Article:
Walmart is slapped with 2 lawsuits in a week accusing the retailer of unfairly firing workers with chronic illnesses
The US Equal Employment Opportunity Commission is suing Walmart over the dismissals of two workers at separate stores in North Carolina.
The lawsuits say Walmart didn't accommodate the former employees, one who has Crohn's disease, and other, epilepsy.
The suits accuse Walmart of violating the Americans with Disabilities Act.
The US government is accusing Walmart of ignoring "reasonable accommodation" requests from two former North Carolina store workers with chronic medical conditions and firing them instead.
The US Equal Employment Opportunity Commission sued Walmart twice this week in U.S. District Court after the former employees, Adrian Tucker, who has Crohn's disease; and Calvin Hagan, who has epilepsy, filed complaints alleging that the retailer violated the Americans with Disabilities Act.
Crohn's disease is a chronic condition that causes inflammation in individuals' digestive tract. It can lead to immense pain, diarrhea, vomiting, and many other symptoms. Epilepsy is a disorder in which individuals suffer from repeated seizures.
Tucker began working in the deli department of a Walmart in Statesville, North Carolina, in February 2014, according to the first lawsuit, lifting boxes of chicken that weighed up to 50 pounds among other tasks. She began to experience symptoms related to Crohn's disease in September 2016, the lawsuit said.
In early November 2016, Tucker went to the emergency room due to a "medical episode" and had to miss work, according to the lawsuit. The suit alleges that Walmart did not excuse that absence, despite a doctor's note being provided. And after a few more episodes, Tucker requested in February 2017 that Walmart allow her to take a leave of absence, to work part-time, and/or to be transferred to a position that was closer to the bathroom. Per the lawsuit, Walmart ignored those requests as well as subsequent ones, and did not excuse absences for further medical episodes.
Tucker was fired in April 2017, the lawsuit says, for accruing more than nine "unauthorized absence-related occurrence points" during the preceding six-month period, violating Walmart's attendance and punctuality policy.
According to the second lawsuit, Hagan, who had been a general merchandise support manager at a Walmart in Charlotte, North Carolina, arrived late to work eight times and missed work twice between January 1, 2018, and March 31, 2018, due to epileptic episodes.
Months earlier, Hagan had asked Walmart to grant him intermittent leave and disability-related excused absences, but, according to the lawsuit, the company denied his accommodation requests, and in April 2018 demoted him to a position as a deli associate. The lawsuit alleges that Walmart fired him on August 3, 2018, saying that he had accrued more than nine unauthorized absence-related occurrence points in the preceding six months.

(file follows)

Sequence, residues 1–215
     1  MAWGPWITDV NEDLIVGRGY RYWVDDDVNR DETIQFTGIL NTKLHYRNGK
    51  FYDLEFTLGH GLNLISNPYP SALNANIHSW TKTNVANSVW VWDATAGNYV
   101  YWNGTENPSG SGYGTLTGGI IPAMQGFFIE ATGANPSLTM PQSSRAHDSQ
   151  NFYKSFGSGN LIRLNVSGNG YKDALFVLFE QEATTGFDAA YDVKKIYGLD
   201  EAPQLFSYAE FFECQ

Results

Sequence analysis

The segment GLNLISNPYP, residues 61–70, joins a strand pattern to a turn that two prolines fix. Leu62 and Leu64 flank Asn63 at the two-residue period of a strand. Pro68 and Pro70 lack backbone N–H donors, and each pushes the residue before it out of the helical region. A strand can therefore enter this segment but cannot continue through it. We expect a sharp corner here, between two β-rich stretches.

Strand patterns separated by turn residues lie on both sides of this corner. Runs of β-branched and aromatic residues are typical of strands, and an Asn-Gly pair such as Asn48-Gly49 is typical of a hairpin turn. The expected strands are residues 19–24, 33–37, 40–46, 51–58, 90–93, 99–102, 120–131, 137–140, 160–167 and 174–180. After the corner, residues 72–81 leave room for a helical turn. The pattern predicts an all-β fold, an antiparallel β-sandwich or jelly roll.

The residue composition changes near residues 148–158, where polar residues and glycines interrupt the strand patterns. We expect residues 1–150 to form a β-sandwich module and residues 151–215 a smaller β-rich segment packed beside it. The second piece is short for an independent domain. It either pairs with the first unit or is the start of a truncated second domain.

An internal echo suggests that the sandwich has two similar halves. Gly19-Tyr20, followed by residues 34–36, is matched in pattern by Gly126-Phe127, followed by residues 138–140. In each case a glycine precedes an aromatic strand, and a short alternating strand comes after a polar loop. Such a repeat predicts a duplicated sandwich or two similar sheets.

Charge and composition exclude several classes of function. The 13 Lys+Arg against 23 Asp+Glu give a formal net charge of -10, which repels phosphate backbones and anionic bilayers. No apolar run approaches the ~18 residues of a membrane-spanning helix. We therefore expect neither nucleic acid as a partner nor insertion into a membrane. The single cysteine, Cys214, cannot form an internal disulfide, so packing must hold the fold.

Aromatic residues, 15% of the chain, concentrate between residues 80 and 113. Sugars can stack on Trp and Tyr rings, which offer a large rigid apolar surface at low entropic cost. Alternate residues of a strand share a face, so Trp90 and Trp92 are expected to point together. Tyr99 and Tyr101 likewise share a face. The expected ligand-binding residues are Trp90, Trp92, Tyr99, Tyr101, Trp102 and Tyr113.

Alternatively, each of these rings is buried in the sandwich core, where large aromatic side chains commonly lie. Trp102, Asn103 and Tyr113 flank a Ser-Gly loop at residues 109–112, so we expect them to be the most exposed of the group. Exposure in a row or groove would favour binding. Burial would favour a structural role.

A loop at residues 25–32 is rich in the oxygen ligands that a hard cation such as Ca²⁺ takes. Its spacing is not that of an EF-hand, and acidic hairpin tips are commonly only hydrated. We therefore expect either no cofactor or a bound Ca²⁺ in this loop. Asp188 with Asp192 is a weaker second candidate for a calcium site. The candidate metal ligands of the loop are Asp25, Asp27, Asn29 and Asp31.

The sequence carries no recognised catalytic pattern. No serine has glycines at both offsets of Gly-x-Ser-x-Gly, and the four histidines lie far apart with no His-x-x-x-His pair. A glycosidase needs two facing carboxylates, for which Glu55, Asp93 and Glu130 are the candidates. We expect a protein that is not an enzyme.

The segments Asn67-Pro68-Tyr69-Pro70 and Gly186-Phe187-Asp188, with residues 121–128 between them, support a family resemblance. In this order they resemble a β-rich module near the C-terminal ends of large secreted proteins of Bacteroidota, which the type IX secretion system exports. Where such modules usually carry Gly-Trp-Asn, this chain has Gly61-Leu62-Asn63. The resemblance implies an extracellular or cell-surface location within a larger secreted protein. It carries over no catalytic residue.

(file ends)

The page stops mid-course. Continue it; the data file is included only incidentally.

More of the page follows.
Walmart spokesman Randy Hargrove told Insider in a statement that "we have been a top employer for those with disabilities for years and have thousands of associates who perform their jobs with reasonable accommodation, including applying for and receiving appropriate leave."
"We don't tolerate discrimination of any kind and take allegations like this seriously," Hargrove said of the lawsuits. "We are reviewing the complaint and will respond in court as appropriate once we are served."
What does the ADA require employers to do?
Passed by the US Congress in 1990, the Americans with Disabilities Act, or ADA for short, is a civil rights law that protects individuals with disabilities from being discriminated against and allows them to seek accommodations to help them in their workplace.
Per the non-profit Crohn's & Colitis Foundation, Crohn's disease does count as a disability under the ADA. So too does epilepsy, according to the non-profit Epilepsy Foundation.
The ADA states that "individuals with a disability may inform their employer that an accommodation is necessary at any point during their employment or as a job applicant while seeking employment," according to the Crohn's & Colitis Foundation's website. "Employers with 15 or more employees must provide reasonable accommodations to individuals with disabilities to help them perform their essential functions."
In both lawsuits, the EEOC is seeking unspecified damages for the plaintiffs, back pay, and a permanent injunction preventing Walmart "from discriminating against individuals because of their disabilities, including termination based on disability and failure to provide reasonable accommodation."
Are you a Walmart worker who feels like you've been discriminated against by the company? Contact reporter Ben Tobin on email at firstname.lastname@example.org or on encrypted messaging app at +1 703-498-9171.
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